The project used oral history interviews with twenty-six volunteers to explore themes such as how British Poles were shaped by their exposure to both Polish and British culture and the extent to which Polish national identity survived in them. A project exhibition was held in 2015 in the Community Gallery at Birmingham Museum and Art Gallery.The archive features an information booklet, exhibition flyer and recordings of oral history interviews. The booklet gives information on the project background and themes. It also includes a profile of each of the interviewees summarising the content of their conversations.
The booklet would be an excellent place to start for anyone interested in the archive. I particularly enjoyed the rich visual content of the booklet which includes copies of participants’ personal photographs. The photographs commemorate significant life events such as participation in performances of traditional dance and meetings with Pope John Paul II as well as family portraits.
Also included in the booklet are profiles of cultural organisations that have helped to preserve Polish culture and identity in the city. These include the Polish Catholic Church and Polish Centre along with clubs held there, the Polish Saturday School and the Polish Brownies, Scouts and Guides.
Aspects of the interviews that I found the most interesting were the participants’ responses to visiting Poland for the first time, whether they feel Polish or British (people had particularly mixed thoughts about this) and their experiences of Birmingham.
Here are some examples of their comments:
‘The first time I saw Poland from the plane I started to cry…., it was the country you knew so much about, loved so much – having, from your parents, that nostalgic attitude towards- but never seen …. From day one I felt at home.’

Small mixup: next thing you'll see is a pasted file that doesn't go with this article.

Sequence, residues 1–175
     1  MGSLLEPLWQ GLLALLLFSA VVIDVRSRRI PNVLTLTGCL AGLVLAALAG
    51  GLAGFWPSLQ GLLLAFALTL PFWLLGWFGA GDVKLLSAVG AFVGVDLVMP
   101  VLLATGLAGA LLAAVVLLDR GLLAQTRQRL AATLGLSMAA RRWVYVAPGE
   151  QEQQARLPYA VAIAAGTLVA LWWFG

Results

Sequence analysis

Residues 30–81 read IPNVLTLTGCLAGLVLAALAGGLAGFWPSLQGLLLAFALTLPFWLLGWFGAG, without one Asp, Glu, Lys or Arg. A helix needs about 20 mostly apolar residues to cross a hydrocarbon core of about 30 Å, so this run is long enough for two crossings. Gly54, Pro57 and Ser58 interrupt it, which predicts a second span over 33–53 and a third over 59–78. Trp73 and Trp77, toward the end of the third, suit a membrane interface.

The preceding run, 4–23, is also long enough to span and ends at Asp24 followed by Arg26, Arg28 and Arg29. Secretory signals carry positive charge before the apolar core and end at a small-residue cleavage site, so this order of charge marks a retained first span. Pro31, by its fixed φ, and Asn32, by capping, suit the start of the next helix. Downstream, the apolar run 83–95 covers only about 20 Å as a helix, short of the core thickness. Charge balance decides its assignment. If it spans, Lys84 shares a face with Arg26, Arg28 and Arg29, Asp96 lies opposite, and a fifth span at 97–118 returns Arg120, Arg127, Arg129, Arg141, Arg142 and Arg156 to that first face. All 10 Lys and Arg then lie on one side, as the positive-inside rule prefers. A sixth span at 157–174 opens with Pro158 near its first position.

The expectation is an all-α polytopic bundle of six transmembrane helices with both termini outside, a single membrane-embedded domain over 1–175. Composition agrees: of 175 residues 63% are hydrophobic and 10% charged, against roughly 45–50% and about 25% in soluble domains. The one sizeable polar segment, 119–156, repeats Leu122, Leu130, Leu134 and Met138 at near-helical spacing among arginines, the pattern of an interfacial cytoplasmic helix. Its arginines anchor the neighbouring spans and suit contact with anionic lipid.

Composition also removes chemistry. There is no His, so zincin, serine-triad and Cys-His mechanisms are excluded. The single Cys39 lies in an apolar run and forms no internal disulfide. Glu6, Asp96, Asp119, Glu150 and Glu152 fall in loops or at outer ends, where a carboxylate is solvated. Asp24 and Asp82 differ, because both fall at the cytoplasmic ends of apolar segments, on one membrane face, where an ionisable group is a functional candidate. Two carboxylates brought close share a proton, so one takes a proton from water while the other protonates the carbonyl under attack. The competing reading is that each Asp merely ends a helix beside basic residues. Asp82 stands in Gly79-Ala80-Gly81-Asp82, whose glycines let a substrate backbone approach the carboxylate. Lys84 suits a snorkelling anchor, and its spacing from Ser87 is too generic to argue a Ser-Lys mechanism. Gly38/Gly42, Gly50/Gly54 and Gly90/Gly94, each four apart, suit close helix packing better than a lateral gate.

‘I always say my heart is Polish. But we live in England so we embrace the culture that is here…’
‘I feel at home neither in Polish culture or in British culture, it’s a mixture of both.’
‘I feel Polish, I often think in Polish…, but am very much aware of the fact that I lived in Britain all of my life.’
‘[Birmingham has] shaped me no doubt subliminally in many ways… It is a very multi-ethnic city and that allows me to feel very much at home here. I have hardly ever experienced any prejudice or discrimination because I am Polish.’
‘I am a Brummy and I like being Brummy. But that doesn’t clash with my Polishness. It is ok.’
Full recordings of interviews with each of the participants are available to request in advance and listen to in the Wolfson Centre for Archival Research. Please email firstname.lastname@example.org for more information.
The project in partnership with the Midlands Polish Community Association was ‘dedicated to all second generation Birmingham Poles and to their contribution to the cultural and economic life of the city.’